I find it a bit ridiculous that the NFTA is so desperate to make money that they would deny making a quick $20k off a concert in a continuously barren, empty field on Buffalo’s Waterfront.

 

Perhaps $20,000 isn’t a lot of money to a person like Mr. Zemsky, but he needs to remember who he is there to work for. Money from that concert series could of went somewhere to help people who need transportation.   Instead he got cocky:

Only Commissioner Adam W. Perry voted Monday for the idea, which had been recommended for approval at the meeting by a staff that noted the partners have successfully managed concerts for series like Rockin’ at the Knox, Thursday at the Square and Rocks the Harbor.

Other commissioners said they were irked by the length of time it took to wade through the proposal that detracted from the authority’s “core mission” of providing transportation.

“I’m not bothered at all if there are no concerts on the outer harbor,” said Commissioner Howard A. Zemsky, the board’s incoming chairman.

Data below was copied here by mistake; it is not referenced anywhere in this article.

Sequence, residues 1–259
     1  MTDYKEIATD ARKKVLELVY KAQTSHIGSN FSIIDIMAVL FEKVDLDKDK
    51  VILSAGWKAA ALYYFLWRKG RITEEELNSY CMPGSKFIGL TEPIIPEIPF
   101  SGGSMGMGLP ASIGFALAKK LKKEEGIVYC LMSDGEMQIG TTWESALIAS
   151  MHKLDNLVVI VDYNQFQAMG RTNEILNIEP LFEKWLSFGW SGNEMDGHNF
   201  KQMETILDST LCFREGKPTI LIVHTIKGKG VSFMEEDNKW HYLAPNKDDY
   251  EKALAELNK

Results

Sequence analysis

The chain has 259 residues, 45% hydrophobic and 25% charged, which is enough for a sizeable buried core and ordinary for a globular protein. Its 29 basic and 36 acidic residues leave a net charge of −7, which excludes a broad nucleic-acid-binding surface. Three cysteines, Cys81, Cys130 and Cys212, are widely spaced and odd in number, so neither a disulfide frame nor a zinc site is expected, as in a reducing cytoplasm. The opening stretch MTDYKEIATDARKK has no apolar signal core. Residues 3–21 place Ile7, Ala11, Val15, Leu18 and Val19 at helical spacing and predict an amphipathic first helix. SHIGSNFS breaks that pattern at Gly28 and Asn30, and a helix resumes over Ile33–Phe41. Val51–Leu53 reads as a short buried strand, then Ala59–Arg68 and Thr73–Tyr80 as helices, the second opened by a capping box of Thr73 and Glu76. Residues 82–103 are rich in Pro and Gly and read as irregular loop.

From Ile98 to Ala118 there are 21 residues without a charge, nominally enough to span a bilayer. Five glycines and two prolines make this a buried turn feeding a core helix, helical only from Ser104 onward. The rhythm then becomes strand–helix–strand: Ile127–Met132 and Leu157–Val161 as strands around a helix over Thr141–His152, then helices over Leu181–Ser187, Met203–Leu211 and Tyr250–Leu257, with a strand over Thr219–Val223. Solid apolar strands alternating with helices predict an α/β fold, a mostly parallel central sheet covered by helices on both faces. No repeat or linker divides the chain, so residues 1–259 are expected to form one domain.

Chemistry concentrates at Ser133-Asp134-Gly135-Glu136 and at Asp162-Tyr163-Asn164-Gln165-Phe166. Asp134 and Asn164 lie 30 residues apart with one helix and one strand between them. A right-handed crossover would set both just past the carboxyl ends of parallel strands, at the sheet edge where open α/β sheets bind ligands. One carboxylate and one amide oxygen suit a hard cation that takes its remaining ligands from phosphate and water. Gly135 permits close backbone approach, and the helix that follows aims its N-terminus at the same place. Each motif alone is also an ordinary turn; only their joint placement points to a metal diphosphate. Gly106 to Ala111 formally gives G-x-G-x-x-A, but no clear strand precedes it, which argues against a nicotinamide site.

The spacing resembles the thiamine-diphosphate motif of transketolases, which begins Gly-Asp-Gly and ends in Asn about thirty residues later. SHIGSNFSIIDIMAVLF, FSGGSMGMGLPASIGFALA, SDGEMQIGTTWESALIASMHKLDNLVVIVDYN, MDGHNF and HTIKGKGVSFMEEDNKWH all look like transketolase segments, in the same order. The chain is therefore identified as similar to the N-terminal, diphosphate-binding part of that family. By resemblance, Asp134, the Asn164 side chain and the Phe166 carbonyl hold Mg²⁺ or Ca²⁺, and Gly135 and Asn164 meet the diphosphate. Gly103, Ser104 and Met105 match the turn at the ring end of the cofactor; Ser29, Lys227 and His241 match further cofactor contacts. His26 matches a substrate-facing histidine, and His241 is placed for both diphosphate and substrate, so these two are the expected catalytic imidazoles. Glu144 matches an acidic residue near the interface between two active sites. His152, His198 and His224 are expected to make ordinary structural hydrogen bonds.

He added that if the board was going to spend so much time discussing the idea, the authority should make more money than what was proposed.

“We feel like we can make substantially more money,” he said in explaining his vote after the meeting.

In the same breath, that ‘core mission’ of providing transportation and the refusal to except “free money,  led the NFTA to vote to increase fares, cut services and eliminate routes by May 1st:

The NFTA’s board of commissioners voted yesterday to implement the changes as of May 1. The moves are expected to raise an additional $5 million per year in revenues.

The adult base fare will be hiked from the current $1.75 to $2, while day passes will climb from the present $4 to $5.

The NFTA will also discontinue 6 percent of its existing bus and rail runs.

I guess what is essentially free money isn’t good enough for the NFTA